Walkie Talkie skyscraper's public garden opens amid criticism
London's highest roof garden has opened at the top of the capital's newest skyscraper, 20 Fenchurch Street - dubbed the Walkie-Talkie. But critics have said it is not the public park punters had expected it to be.
When is a garden not a garden?
When it's a "sky garden", according to critics of the space at the top of the latest addition to the City of London's skyline.
A public sky garden was the jewel in the crown of proposals for the 37-floor skyscraper, which were approved in 2007.
But after opening this week, critics have said the garden is "not a proper public space" at the top of "probably the ugliest building in London".
'Glorious drag queen'
The BBC has had its requests to preview the space repeatedly declined, but images released this week appear to show more grey space than green, while the Guardian's architectural critic Oliver Wainwright says: "It feels a lot like being in an airport terminal."
The building itself does, however, have its fans, with Tom Sleigh, councillor for the City of London's Bishopsgate ward calling it a "glorious drag queen of a building" with "shapely curves".
It is "bold and brash" and proof architecture can be "voluptuous and sexy", he says.
Land Securities and Canary Wharf Group, which developed the skyscraper, have yet to respond to the criticism.
The space is open during the daytime to the public if you book three days in advance, but after 18:00 only customers from one of the three restaurants or bars are able to visit.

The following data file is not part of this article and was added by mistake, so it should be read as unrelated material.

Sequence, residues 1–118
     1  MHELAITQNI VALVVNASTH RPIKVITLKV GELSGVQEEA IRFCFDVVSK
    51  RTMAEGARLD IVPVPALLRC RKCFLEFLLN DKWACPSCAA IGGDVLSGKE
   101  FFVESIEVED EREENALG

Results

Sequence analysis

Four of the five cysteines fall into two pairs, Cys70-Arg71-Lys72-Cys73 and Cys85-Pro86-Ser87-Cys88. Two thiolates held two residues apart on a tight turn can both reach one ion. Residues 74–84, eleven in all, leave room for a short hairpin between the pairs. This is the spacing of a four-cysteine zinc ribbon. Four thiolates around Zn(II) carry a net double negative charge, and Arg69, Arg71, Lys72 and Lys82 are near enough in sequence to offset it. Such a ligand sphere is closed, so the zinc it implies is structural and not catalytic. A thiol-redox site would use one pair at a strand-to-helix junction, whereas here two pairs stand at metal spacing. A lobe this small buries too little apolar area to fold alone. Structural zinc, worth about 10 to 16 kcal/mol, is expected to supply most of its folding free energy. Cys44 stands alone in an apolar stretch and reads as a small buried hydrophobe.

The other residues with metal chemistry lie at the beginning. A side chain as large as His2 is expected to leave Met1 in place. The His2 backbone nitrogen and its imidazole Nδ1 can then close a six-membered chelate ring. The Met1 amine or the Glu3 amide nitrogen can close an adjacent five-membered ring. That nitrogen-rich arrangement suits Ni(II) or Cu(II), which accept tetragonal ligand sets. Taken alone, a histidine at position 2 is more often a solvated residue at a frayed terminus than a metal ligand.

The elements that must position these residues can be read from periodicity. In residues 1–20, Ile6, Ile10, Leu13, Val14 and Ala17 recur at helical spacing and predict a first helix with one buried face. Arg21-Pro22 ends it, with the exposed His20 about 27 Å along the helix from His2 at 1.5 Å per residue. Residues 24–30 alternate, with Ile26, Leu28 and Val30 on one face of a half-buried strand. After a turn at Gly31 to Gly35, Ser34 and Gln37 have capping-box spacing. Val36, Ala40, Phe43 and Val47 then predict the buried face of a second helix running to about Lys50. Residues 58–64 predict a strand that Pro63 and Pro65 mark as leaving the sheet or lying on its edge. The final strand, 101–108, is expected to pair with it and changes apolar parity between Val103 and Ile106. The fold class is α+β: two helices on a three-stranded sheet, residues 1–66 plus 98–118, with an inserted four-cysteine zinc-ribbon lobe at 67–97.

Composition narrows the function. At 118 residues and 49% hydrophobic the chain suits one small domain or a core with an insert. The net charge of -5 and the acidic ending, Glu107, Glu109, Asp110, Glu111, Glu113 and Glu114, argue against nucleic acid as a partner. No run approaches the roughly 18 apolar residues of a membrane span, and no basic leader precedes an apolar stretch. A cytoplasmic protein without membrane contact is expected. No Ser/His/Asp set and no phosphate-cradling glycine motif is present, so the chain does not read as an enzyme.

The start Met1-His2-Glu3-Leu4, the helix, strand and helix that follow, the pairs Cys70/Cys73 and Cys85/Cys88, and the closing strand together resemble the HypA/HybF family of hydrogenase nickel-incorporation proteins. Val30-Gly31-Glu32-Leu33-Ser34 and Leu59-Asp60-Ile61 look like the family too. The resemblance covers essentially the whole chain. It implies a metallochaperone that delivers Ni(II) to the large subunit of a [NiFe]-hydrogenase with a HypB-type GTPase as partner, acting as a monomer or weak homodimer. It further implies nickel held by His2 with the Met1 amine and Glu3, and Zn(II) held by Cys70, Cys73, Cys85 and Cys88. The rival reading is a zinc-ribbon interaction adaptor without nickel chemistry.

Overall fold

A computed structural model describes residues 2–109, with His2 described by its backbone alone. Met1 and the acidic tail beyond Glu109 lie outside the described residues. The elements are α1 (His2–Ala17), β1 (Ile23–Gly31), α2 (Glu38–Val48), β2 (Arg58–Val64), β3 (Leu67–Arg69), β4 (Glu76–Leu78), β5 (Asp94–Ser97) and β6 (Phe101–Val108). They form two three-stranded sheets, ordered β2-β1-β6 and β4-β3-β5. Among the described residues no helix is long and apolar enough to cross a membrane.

Gardener Richard Reynolds, who is known as "the guerrilla gardener" and blogs about illicit cultivation across the capital, says: "Frankly this garden is yet another scandal."
"It's not what we were promised, is it? This was meant to be a public place - a place which we could visit for free and the visualisations made it look amazing."
Even the City of London's former chief planner Peter Rees, who saw the building through its approval stages, says: "I think calling it a sky garden is perhaps misleading.
"If people expecting to visit it as an alternative to Kew, then they will be disappointed," he said.
"This was never designed as just a garden, but the public have free access to the top with wonderful views across London."
Meanwhile, as the building has gradually made its mark on the skyline, there has been much debate over its aesthetic appeal.
The Victorian Society's Christopher Costelloe says its "bulbous shape" makes it "probably the ugliest building in London which distracts from other listed buildings".
"Lots of people got excited about the public garden idea but it's not a real public garden - instead a private space you have to book to visit three days in advance," he adds.
He says it is an example of "what happens when bad planning decisions are taken".
"The problem seems to be calling it a garden is a subjective term," he says. "You can call anything a garden, but planning documents only go so far."
Independent councillor Mr Sleigh agrees: "A planning condition was that it would be a green park where people can congregate. If this is not delivered, then the developers should be held to account."
Meanwhile, there is another controversial green-finger friendly London landmark in the offing.
The River Thames Garden Bridge was approved by London Mayor Boris Johnson in December to a very mixed public response.
"London seems to be suffering from a lot of green garden hype at the moment," says Mr Reynolds.
Of course, this is not the first time the Walkie Talkie has been subject to controversy.
In 2013, the glare from the top of the building melted parked vehicles and damaged shops in the City of London - with the building being dubbed by much of the media as the Walkie Scortchie.
What the building's lasting legacy will be remains to be seen.